Nate Bostrom introduced Rebecca Crooks-Stratton, the Secretary/Treasurer of the Shakopee Mdewakanton Sioux Community (SMSC), a federally recognized, sovereign Native American tribe located east of Chaska. As a member of the SMSC Business Council, she oversees the day-to-day operations of the tribal government and its relationships with its members, other governments and elected officials, and its more than 4,000 employees.
Crooks-Stratton has a master’s degree in tribal administration and governance from the University of Minnesota Duluth. Her bachelor’s degree is in American Indian studies and political science from the University of Arizona.
Rebecca greeted us in her native language and continued her enlightening presentation for another 30-45 minutes. She shared a photo of her grandfather and his history of being separated from his family and culture and interred in a boarding school. This set the stage for her description of the Understand Native Minnesota Initiative and its goals. Most Minnesotans have little or no in-depth understanding of the state’s tribes, their history, governments, and culture. By sharing accurate information through a dedicated campaign in Minnesota’s K-12 education system, the initiative can improve younger generations’ understanding of the state’s tribes and Native peoples. The SMSC has dedicated $5 million over the next 3 years to develop a “narrative change.”
Narrative change is the practice of intentionally changing for the better the general public’s views of a group of people through education, awareness raising, and constructively overcoming misunderstandings and misperceptions. To support this new narrative change work, the SMSC launched Understand Native Minnesota in October 2019. The 2020 pandemic put a hold on major implementation activities, but in May 2021 SMSC launched a new podcast series today, entitled Native Minnesota with Rebecca Crooks-Stratton. Hosted by today’s speaker, the series features conversations with thought leaders and changemakers in Minnesota and across Indian Country. Referencing the podcast, Rebecca is quoted “I think this is just another way for Native people to express themselves and be able to hear from modern Native people.”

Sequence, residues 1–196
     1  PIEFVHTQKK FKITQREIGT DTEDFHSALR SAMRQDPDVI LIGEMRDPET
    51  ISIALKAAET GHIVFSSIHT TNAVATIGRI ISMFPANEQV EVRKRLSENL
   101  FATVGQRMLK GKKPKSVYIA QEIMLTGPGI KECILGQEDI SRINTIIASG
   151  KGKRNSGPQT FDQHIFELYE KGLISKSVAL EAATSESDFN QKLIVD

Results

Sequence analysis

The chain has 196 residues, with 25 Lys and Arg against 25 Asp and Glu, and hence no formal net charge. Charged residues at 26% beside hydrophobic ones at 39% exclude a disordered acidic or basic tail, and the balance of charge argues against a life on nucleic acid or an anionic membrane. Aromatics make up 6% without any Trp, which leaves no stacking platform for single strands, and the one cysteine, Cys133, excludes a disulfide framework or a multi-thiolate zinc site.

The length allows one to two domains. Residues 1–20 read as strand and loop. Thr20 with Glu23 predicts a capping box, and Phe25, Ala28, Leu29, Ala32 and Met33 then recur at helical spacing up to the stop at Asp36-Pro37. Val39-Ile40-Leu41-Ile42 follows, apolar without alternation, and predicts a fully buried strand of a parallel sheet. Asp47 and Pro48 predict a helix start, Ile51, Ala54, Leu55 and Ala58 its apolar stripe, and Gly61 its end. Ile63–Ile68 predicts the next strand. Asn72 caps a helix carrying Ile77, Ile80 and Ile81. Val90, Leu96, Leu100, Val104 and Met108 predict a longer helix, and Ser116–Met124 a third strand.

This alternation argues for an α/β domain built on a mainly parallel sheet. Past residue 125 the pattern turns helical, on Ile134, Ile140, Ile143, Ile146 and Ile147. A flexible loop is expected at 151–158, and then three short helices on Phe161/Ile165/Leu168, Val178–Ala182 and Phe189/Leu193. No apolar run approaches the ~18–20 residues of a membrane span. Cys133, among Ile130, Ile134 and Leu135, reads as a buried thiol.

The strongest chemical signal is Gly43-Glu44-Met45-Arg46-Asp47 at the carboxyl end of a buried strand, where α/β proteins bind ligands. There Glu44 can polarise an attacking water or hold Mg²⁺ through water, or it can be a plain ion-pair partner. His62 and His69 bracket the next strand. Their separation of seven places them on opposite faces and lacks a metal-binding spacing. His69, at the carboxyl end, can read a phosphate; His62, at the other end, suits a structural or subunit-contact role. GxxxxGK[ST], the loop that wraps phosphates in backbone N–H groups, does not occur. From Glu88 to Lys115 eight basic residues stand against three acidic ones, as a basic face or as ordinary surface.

Governor Walz has established an education plan that parallels the SMSC efforts. – “Indigenous Education for All.” In calling for an accurate history of Minnesota’s Indigenous history, the Walz administration proposed an initial round of $1.3 million in competitive grants for curriculum development, a separate grant to the Tribal Nations Education Committee and two new positions in the Department of Education’s Academic Standards Division. The goal is to “hear, learn and understand the contributions of our tribal nations, and to make sure we’re doing that not just for our Indigenous students but also our entire school population,” said Deputy Education Commissioner Heather Mueller.
Reinforcing the need for more education and awareness, Rebecca reminded us that North America was not discovered in 1492, because it was already inhabited. Getting closer to home, she noted that we are all living on land that is covered by the treaties made with the tribes in the 1800s. Summarizing on a positive note, she used the partnership between the SMSC and Shakopee to develop a joint use water treatment facility as an example of cities recognizing the sovereignty and common goals of Minnesota’s indigenous tribes.
For more detailed information: https://www.understandnativemn.org. To contact Rebecca you must work through: Madeleine Rush; Madeleine@goffpublic.com; Cell: 651-214-6937 Office: 651-717-4171, or Sara Dobesh; firstname.lastname@example.org